Pope Francis’ meeting with Indigenous people was powerfully received because he listened to what they had to say. CNS photo/Vatican Media

Open ears, close lips, to truly listen

By 
  • May 27, 2022

Fools think their own way is right, but the wise listen to advice.
-- Proverbs 12: 15

Listening is often referred to as an art. Reams of books have been dedicated to defining “how” to listen, and even define “types” — deep listening, full listening, critical listening, therapeutic listening etc.

Motivators and healers speak about the difference between hearing and listening, with one comic wisely noting the biggest mistake humans make is hearing quickly, listening half, understanding a quarter and telling double. For some, the real issue is that so many of us are primed to respond before we have fully heard another’s point of view. We arrive with our minds made up, and it is difficult to hear when we are speaking.

This critical fact is a major reason that so much grief continues across so many areas. It is also why many of our institutions are almost systemically structured not to allow the voice of minorities to be heard. Our dominant cultural and political institutions are structured around laws, practices and values defined and developed by those traditionally in power, and so they are often deaf to voices and practices that are not their own.

We have seen this most glaringly in recent times in relation to how governments have worked with First Nations, Métis and Inuit communities, often bringing settler values and solutions to issues, rather than sitting in community with elders to understand Indigenous points of view. And then governments feign surprise when agreements aren’t reached. It is why Pope Francis’ meeting with Indigenous communities was so powerfully received: all said they felt he truly listened to their voices.

Sr. Helena Burns, in her column A la Carte, makes a good point about how western cultures have always approached Indigenous peoples. She notes: “It’s of the utmost importance to listen right now. Listen to the Indigenous voices and experiences themselves — silenced for so long. Some of these are horror stories and we must not look away.”

This reminded me of a similar conversation that was had in Australia when the impact of the missions and the Stolen Generations (equivalent to the Sixties Scoop) dominated the headlines.

At the time, the university I was at ran an in-country program where we embedded non-Indigenous students with Indigenous communities. One dean told me he’d taken the latest group of students up for their weeklong placement. As always, the kids arrived ready to transform the communities. As always, they were frustrated when the elders asked them to sit by the fire and reflect. They would be called on when the time was right. Instead of learning about the people — and the land they were on — they wanted to transform them. It was a humbling experience for our students to understand reconciliation was more significant when they listened first.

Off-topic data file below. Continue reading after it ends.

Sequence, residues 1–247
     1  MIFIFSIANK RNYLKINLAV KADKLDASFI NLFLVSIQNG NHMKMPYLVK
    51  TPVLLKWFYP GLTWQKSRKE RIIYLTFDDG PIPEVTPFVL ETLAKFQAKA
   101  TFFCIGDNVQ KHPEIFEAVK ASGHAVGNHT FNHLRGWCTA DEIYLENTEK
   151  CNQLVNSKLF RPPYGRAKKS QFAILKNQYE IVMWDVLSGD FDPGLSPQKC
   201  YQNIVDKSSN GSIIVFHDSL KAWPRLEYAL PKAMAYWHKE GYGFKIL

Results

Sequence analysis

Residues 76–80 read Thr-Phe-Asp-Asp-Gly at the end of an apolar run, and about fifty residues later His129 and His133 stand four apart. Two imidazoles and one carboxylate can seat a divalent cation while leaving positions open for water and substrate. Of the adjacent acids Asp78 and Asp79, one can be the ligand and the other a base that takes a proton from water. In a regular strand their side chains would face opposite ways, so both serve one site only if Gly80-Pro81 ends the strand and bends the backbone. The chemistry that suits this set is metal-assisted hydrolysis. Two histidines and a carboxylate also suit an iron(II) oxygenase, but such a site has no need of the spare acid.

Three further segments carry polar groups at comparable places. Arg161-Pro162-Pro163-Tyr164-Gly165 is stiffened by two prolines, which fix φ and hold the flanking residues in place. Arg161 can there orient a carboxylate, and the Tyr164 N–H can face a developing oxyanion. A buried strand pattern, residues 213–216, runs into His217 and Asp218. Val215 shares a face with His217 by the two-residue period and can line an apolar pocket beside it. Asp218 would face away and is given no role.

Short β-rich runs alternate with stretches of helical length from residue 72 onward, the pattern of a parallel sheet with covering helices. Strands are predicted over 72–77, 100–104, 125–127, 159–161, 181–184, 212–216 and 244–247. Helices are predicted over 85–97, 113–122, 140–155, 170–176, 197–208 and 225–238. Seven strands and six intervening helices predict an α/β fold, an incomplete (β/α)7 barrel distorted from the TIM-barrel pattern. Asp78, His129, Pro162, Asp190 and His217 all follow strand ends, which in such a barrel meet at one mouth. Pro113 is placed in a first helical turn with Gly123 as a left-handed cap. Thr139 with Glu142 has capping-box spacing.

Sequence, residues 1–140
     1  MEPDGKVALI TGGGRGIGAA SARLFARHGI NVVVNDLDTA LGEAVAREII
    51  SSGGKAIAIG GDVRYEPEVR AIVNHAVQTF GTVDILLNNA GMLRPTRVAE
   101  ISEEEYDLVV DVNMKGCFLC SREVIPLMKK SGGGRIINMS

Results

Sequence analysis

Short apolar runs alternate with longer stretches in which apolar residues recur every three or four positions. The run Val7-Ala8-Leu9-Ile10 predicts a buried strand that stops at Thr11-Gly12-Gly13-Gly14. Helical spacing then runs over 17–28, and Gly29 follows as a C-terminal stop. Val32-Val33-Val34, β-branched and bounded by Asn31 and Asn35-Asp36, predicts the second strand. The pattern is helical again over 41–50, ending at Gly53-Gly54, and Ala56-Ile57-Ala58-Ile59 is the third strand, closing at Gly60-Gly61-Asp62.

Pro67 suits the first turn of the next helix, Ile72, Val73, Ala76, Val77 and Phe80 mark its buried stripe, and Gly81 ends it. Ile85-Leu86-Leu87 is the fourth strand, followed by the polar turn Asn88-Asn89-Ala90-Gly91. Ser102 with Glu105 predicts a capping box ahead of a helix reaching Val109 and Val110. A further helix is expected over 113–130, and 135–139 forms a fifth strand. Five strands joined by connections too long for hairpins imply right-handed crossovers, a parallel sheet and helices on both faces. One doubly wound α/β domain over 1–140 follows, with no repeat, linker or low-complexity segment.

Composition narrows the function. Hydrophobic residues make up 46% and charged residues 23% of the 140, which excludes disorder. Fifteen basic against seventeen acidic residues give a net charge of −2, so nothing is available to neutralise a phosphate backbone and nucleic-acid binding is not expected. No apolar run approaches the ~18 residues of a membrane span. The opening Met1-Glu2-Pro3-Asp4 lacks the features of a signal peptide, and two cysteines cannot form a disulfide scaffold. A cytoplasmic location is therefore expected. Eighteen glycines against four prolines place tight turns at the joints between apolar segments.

One incident has always stood out for me. My dean noticed a bright pink building in the bush where our students gathered every term. He asked an elder about it.

“That’s always been there, but last week social workers hired by the government flew up and painted the building pink to help our men reconnect with their feminine side,” the elder said.

When my dean said he hadn’t noticed it before, Auntie explained that months earlier a separate group of government advisors flew in to paint the building blue so Aboriginal men could reconnect with their masculinity. Perplexed, my colleague asked what the building was used for.

“Nothing,” said Auntie. “We built it to keep the white fellas busy so they would stay out of our business. They come, paint the building, get our signatures, then go back to collect their government grants. We focus on serving our community.”

To hear the other, we must stop speaking. Austrian pianist Alfred Brendel noted the word “silent” contains the same letters as the word “listen.” Mother Teresa once said, “God speaks in the silence of the heart. Listening is the beginning of prayer.”

The Gospels show us Jesus modeling the art of listening. He moved among the masses and heard their cries (Mark 1); He shared water with a Samaritan woman when cultural dictates forbade it (John 4); He prayed to the Lord and guided His disciples. Jesus never spoke through formulas but offered parables reflecting the complexities he presented. It’s fair to say people felt heard. It’s what we all want, and certainly what we desperately need. Listen. Silent. They are one and the same.

(Turcotte is president of St. Mary’s University in Calgary.)

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